### Author Topic: HA2-P5  (Read 3361 times)

#### Victor Ivrii ##### HA2-P5
« on: September 28, 2015, 01:02:52 PM »

#### Chi Ma

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« Reply #1 on: September 29, 2015, 12:58:57 AM »
Problem 5a
$$yu_x-xu_y=x\\ \frac{dx}{y} = \frac{dy}{-x} = \frac{du}{x}\\ x^2+y^2 = C\\ u = -y + \phi(x^2+y^2)$$

Problem 5b
$$yu_x-xu_y=x^2\\ \frac{dx}{y} = \frac{dy}{-x} = \frac{du}{x^2}\\ x^2+y^2 = C\\ \left\{\begin{array}{2} x = r\cos\theta\\ y = r\sin\theta\\ \end{array}\right.\\ du = -xdy = -r^2\cos^2\theta d\theta\\ u = - \frac{r^2}{2} \left(\theta + \frac{1}{2}\sin2\theta\right) + \psi(r)$$

Problem 5c. I think there is a typo in equation (14). The coefficient on $u_x$ should be $y$. Yes indeed. V.I.
$$yu_x+xu_y=x\\ \frac{dx}{y} = \frac{dy}{x} = \frac{du}{x}\\ x^2-y^2 = C\\ u = y + \zeta(x^2-y^2)$$

Problem 5d
$$yu_x+xu_y=x^2\\ \frac{dx}{y} = \frac{dy}{x} = \frac{du}{x^2}\\ x^2-y^2 = C,\qquad -\infty < C < \infty$$

For $0 < C < \infty$, let $C = r^2$.
$$\left\{\begin{array}{2}x = r\sec\theta\\ y = r\tan\theta\\ \end{array}\right.\\ du = xdy = r^2\sec^3\theta d\theta\\ u = \frac{r^2}{2} \left(\sec\theta \tan\theta + \ln|\sec\theta+\tan\theta|\right) + \psi(r)$$

For $-\infty < C < 0$, let $C = -r^2$.
$$\left\{\begin{array}{2} x = r\tan\theta\\ y = r\sec\theta\\ \end{array}\right.\\ du = xdy = r^2\tan^2\theta\sec\theta d\theta = r^2\left(\sec^3\theta - \sec\theta\right)d\theta\\ u = \frac{r^2}{2} \left(\sec\theta \tan\theta - \ln|\sec\theta+\tan\theta|\right) + \phi(r)$$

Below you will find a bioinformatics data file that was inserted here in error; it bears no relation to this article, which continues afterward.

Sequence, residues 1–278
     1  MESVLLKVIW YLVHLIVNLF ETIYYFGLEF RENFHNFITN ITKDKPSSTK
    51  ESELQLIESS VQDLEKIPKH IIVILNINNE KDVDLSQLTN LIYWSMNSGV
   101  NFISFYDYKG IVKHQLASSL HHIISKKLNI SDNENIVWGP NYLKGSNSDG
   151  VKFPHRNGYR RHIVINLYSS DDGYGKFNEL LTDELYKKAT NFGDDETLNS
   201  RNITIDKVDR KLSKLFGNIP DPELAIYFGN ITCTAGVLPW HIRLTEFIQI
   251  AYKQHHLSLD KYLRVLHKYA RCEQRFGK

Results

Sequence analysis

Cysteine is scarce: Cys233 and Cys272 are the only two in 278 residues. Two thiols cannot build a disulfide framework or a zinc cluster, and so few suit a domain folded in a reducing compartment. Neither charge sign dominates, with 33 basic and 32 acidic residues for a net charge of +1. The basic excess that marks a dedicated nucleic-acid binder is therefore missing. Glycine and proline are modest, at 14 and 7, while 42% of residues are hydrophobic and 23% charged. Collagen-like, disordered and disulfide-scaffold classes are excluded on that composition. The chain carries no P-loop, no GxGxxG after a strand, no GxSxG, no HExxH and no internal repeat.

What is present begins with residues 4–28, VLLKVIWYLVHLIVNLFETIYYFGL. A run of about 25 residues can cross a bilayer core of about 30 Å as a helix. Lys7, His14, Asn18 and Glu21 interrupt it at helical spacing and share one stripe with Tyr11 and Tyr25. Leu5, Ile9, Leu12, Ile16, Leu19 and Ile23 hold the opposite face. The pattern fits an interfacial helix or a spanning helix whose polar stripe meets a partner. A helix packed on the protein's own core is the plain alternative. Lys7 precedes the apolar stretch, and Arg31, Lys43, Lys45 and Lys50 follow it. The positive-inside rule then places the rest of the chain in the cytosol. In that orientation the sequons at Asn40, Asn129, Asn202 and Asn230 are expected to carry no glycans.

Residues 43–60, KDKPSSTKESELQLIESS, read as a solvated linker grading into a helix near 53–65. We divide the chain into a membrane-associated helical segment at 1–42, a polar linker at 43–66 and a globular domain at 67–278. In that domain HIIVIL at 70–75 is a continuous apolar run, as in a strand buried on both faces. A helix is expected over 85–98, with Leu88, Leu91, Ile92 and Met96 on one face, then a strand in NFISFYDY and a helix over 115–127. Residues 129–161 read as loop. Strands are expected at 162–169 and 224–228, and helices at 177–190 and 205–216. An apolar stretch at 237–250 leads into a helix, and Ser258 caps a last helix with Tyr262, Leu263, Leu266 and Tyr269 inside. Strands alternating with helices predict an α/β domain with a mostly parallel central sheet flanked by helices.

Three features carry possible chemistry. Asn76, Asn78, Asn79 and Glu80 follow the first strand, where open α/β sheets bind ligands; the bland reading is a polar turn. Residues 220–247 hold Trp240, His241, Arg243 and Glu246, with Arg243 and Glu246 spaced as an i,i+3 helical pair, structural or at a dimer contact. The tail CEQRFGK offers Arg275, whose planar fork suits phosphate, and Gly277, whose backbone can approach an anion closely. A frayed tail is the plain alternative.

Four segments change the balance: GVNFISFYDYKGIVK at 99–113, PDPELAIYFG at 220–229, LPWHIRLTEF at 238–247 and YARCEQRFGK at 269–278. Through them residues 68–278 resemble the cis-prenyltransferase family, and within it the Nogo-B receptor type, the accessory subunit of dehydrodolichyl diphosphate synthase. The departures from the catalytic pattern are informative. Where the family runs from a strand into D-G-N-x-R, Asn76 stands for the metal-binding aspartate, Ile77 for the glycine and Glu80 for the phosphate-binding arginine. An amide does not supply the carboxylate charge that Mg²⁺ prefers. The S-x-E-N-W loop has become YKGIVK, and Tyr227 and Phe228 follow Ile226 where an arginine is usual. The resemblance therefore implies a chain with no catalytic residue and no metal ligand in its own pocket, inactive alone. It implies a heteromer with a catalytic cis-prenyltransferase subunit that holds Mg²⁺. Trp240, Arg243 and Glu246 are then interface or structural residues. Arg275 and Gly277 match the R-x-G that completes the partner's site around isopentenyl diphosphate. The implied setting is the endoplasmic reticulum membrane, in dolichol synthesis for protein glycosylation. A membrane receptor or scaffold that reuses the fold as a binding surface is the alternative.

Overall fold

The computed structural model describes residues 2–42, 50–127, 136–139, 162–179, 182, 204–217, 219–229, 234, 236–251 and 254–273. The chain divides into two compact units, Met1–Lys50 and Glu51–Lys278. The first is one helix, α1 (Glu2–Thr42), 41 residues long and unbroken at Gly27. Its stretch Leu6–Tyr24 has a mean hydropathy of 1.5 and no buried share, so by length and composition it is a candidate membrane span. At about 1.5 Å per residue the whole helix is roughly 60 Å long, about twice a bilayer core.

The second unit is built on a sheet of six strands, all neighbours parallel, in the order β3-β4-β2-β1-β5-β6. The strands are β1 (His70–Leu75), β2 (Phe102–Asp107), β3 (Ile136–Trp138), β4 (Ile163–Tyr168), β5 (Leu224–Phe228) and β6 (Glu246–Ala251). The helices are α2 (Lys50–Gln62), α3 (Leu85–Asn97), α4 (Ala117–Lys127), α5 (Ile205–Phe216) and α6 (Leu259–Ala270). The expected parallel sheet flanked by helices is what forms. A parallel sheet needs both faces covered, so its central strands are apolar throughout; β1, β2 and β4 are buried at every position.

At ${x = \pm y}$, $u$ is undefined and discontinuous.

« Last Edit: September 30, 2015, 05:18:04 PM by Victor Ivrii »

#### Rong Wei

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« Reply #2 on: September 30, 2015, 12:09:10 AM »
For 5b, I know derivative of arcsin(x) is 1/(1-x^2)^(1/2), can I use this to calculate the integral ? sorry about my typo, I haven't download matlab yet, I will download it~

#### Chi Ma

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« Reply #3 on: September 30, 2015, 08:11:18 AM »
I think so. You probably will have 2 equations for the positive and negative square roots.

#### Rong Wei

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« Reply #4 on: October 01, 2015, 01:43:07 PM »
you are so rightï¼ see you in class!

#### Victor Ivrii ##### Re: HA2-P5
« Reply #5 on: October 01, 2015, 01:53:38 PM »
Introduce a natural parameter on the circle: $x=r\cos(\theta)$, $x=r\sin(\theta)$--it will make integral much easier.

5b
The trouble with here is that you get expression through $\theta$ and this is bad! Polar angle is not defined uniquely as long as you can merrily go around an origin and we are looking for a single-valued continuous solutions. This phenomena may occur as characteristics are closed curves so we need to integrate the r.h.e. along it.

If integral is $0$ as it happens with r.h.e. $x$ or $y$ or $xy$ etc, increment of $u$ is $0$ and it is a single-valued function but for r.h.e. like $1$ or $x^2$ integral is not $0$ and the required solution does not exist at all (not that we cannot find itâ€”it simply does not exist!)

5d
It simple to use often not $\sec$ and $\tan$ but hyperbolic functions $\cosh$ and $\sinh$
« Last Edit: October 03, 2015, 06:01:17 AM by Victor Ivrii »